Arrest the Bishop? by Winifred Peck (Lady Peck). First published by Faber & Faber in 1949, but set in 1920. With an excellent introduction by Martin Edwards, an expert on the Detection Club and a fine crime writer in his own right.
I’ve read a lot — a LOT — of old mysteries. Over the years, the cream of the Golden Age has floated to the top, and the higher-quality second-class novels occupy a large stratum immediately below that cream. If I haven’t already read or even heard of an old mystery, chances are there’s a reason for that, and it doesn’t usually bode well for the quality of the book.
The recent groundswell in Golden Age mysteries that goes hand in hand with the availability of e-books has certainly been unearthing all kinds of scarce volumes. Quite a few times recently I’ve done the electronic equivalent of tossing aside a creaky old volume that contained nothing new and had nothing to say … and with nothing that will interest you either. By and large, if I’ve never heard of it, these days it’s usually because it deserves to remain in obscurity. I read them, or at least the first half of them and then a quick skim of the last chapter, but I don’t bore you with them.
So it was with some trepidation that I approached the present volume, lured by the prospect of the usual excellent introductory material by Martin Edwards. I had never heard of Winifred Peck, I’d never heard of this volume, and I’ve been ploughing through a lot of old rubbish lately. My friends, I’m happy to say that this one is a winner.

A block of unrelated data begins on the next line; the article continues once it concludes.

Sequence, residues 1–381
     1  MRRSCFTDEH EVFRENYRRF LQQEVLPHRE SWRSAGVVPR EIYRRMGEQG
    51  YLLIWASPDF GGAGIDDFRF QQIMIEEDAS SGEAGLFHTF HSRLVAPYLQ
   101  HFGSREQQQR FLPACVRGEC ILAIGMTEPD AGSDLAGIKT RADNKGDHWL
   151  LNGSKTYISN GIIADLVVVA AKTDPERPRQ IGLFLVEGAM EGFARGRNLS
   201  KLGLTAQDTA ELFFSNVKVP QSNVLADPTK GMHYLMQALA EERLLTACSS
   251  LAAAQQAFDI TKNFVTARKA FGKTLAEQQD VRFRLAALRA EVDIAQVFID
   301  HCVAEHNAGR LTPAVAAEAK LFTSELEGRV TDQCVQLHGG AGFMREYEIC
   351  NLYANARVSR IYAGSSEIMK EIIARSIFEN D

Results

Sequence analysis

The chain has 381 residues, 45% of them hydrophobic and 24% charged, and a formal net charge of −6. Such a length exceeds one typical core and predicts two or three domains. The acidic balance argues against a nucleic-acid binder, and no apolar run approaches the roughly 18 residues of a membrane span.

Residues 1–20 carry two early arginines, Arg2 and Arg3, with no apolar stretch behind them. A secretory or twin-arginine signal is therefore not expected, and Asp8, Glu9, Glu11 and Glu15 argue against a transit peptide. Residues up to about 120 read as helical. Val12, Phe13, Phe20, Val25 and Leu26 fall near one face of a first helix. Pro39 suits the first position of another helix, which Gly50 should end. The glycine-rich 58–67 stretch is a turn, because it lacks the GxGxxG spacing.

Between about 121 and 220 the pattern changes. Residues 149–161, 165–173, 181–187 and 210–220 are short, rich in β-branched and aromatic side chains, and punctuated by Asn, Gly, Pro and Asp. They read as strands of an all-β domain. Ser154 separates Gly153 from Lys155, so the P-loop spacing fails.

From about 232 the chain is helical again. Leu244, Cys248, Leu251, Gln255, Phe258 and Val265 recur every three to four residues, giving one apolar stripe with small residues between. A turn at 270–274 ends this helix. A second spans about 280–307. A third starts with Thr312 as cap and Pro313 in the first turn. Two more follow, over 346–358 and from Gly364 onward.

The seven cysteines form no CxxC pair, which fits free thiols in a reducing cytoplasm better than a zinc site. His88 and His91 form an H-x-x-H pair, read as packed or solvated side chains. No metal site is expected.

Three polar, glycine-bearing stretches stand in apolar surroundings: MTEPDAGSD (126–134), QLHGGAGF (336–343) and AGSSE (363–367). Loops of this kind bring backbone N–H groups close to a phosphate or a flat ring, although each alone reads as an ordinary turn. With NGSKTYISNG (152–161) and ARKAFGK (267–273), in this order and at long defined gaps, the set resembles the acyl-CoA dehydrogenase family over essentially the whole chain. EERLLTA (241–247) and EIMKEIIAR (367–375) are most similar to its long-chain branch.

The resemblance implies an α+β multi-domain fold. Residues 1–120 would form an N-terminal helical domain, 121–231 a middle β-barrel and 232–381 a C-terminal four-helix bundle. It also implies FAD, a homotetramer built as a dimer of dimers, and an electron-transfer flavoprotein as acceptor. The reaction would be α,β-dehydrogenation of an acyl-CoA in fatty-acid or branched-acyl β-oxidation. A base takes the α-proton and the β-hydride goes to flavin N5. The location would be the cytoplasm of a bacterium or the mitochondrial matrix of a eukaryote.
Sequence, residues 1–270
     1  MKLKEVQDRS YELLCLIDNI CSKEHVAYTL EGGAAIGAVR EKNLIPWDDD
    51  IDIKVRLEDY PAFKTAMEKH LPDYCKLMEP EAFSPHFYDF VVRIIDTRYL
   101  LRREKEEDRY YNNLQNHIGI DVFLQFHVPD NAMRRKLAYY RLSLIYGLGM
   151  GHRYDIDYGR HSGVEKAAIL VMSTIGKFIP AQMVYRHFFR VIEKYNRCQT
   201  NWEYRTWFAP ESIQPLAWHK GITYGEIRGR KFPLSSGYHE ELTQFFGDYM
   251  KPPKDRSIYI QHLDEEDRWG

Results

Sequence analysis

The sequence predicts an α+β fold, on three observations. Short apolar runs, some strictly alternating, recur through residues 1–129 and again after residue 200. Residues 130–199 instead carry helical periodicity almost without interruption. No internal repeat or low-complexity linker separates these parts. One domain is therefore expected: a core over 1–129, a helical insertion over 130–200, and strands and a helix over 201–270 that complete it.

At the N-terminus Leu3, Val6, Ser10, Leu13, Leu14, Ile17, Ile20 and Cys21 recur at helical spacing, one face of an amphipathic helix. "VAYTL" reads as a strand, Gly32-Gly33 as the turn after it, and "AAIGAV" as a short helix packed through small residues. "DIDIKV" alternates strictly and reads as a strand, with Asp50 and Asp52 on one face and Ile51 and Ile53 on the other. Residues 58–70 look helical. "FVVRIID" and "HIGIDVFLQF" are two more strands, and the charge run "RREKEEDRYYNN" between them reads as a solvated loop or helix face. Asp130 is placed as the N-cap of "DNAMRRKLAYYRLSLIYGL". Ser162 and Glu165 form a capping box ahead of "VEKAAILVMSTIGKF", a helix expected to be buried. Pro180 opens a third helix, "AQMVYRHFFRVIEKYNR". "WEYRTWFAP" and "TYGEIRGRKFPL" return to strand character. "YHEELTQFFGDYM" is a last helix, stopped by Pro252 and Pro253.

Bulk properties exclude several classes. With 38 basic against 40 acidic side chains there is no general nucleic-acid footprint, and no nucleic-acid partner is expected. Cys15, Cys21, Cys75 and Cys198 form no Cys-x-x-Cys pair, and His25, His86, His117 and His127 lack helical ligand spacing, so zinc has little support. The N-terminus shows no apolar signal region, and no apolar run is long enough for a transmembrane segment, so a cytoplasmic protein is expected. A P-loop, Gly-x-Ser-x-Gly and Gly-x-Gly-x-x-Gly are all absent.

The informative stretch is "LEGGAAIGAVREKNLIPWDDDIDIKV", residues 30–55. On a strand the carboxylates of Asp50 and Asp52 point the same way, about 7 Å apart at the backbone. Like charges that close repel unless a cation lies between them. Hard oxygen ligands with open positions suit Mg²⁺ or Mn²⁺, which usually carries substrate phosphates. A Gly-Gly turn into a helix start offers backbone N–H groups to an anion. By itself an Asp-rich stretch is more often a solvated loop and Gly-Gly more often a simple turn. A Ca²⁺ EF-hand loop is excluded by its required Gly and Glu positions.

WARNING: This essay concerns a work of detective fiction, which means that part of its potential enjoyment is based on surprising the reader. If you read this review, you are likely to find out more than you may want to know about this novel, although the solution to the crime and many other significant details are not revealed here. If you proceed past this point, you’re on your own.
What is this book about?
It’s December, 1920, and the Bishop of Evelake and his wife, the superb Mrs. Broome, are preparing to welcome a large house-party to the very large Bishop’s Palace. There is a coal shortage, and they can’t keep the bedrooms warm enough; there’s a servant shortage, and they’re forced to settle for the insufficient attentions of the egregious and recently-acquired butler Soames. (The elderly housekeeper Moira, who had diligently ruled the roost for 25 years, is installed in an upstairs bedroom, awaiting an urgently-required cancer operation.)
The most difficult part of the house-party, though, will be the guests. There’s a number of young men who are soon to be ordained as clerics; they will dine en famille, but take little part in the imminent goings-on. Chancellor Chailly and Canon Wye are both expected. Two young parsons should be no trouble; the Bishop’s secretary, Robert Borderer, known to all as Bobs, and an old friend of the family, Dick Marlin (whose wartime service suits him admirably to be an amateur detective). The Bishop’s younger daughter Sue should be as charming as ever.